These shortages fuel conspiracy theories that Sony and Nintendo, whose Wii supplies seem to run short every year, simply pull back on production to create hype. But while having a product so in-demand that people will (literally) fight for it might boost the brand’s cachet, does it help the bottom line when said product – whether it’s Wiis or waffles – is out of stock? The risk is that disappointed and mall-weary shoppers mayget angry at the brand – and sometimes go with a competitor.Continue reading...
Posted by Stephanie Startz on November 10, 2009 05:49 PM
The future is now! And by Verizon’s measure, the future is an industrial wasteland where AT&T service fails you and the iPhone is a useless vanity device.
Debuting last night, the newest ad from the wireless provider packs a punch. Verizon continues their negative campaign against the iPhone and AT&T, calling the iPhone a “semi-functional, giggling-brat-vanity,” and features a compacter crushing crystal encrusted Apple devices. Ouch.
In between shots of boxers, robots and a bustling factory, Verizon boasts that the Droid is a smartphone that “does.” The aggressively masculine ad practically grows chest hair.Continue reading...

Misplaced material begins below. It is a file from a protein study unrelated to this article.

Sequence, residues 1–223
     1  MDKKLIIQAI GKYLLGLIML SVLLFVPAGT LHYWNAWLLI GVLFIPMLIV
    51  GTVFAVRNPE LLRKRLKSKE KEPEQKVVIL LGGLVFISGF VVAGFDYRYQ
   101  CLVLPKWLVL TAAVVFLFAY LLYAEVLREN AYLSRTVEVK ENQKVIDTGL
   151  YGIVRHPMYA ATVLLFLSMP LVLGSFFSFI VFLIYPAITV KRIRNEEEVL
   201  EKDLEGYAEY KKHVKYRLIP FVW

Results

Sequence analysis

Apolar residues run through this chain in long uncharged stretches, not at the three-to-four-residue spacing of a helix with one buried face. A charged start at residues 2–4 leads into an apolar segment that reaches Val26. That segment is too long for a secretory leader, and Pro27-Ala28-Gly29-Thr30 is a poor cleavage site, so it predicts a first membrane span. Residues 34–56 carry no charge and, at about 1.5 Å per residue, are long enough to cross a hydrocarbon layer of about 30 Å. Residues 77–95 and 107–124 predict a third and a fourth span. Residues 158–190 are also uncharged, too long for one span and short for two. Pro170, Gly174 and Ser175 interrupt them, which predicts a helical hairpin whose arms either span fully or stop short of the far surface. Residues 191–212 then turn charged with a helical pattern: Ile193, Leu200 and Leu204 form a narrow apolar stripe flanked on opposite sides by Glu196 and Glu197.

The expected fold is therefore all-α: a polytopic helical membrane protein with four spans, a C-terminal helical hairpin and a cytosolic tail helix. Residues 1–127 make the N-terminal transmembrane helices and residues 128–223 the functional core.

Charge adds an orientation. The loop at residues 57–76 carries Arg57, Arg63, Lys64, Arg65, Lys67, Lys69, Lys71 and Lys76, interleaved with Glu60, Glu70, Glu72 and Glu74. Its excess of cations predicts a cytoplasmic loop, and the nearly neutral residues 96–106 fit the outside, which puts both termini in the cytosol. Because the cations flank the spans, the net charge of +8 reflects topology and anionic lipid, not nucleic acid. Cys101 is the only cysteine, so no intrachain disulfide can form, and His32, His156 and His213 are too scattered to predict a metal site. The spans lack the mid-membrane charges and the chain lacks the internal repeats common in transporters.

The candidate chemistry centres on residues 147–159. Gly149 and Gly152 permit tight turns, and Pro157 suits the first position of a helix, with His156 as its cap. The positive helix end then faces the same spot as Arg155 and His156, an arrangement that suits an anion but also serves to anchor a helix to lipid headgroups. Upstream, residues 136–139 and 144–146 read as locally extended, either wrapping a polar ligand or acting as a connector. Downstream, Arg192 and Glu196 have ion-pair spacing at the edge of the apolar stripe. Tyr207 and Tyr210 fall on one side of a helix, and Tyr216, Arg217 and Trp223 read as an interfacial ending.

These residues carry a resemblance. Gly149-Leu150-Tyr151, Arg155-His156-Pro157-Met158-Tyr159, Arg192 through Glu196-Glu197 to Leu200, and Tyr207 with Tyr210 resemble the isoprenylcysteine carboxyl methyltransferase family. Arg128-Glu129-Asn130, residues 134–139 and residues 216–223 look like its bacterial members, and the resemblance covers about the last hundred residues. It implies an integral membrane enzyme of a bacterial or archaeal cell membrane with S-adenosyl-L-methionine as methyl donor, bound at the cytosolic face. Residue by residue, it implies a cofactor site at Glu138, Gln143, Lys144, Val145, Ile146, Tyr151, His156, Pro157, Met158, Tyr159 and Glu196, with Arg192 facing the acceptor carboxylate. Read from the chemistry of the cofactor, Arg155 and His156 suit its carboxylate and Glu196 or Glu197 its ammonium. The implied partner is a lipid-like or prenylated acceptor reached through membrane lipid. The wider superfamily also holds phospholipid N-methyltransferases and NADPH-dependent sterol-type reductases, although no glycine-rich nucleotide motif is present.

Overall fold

Posted by Stephanie Startz on November 9, 2009 03:46 PM
The Droid has finally landed in Verizon Wireless stores and the force is with this smartphone.
Apparently, these are the Droids you're looking for.
The marketing alliance of Verizon, Google and Motorola has made the Droid's debut nearly impossible to miss. And Verizon hasn’t even warmed up yet. AdAge reports that Verizon will spend $100 million in marketing the Droid before the end of the year, the brand's biggest spending push ever, with new ads debuting tonight.Continue reading...
Posted by Stephanie Startz on November 6, 2009 07:14 AM
It's finally here! The Droid has landed! [PC World]
Will Oprah move her show to her cable network? [NY Times]
Unilever may cut prices, denies interest in Cadbury. [Times of London]
Walt Disney's Florida sports complex gets ESPN rebrand. [NY Times]
Starbucks will offer Seattle's Best coffee in Subway shops. [Seattle Times]
Verizon Wireless claims AT&T lawsuit has "no merit." [BrandWeek]
Three Fiat cars will be sold under the Chrysler brand. [NY Times]
(More headlines: New LA Times website, Izod sponsors IndyCar.)Continue reading...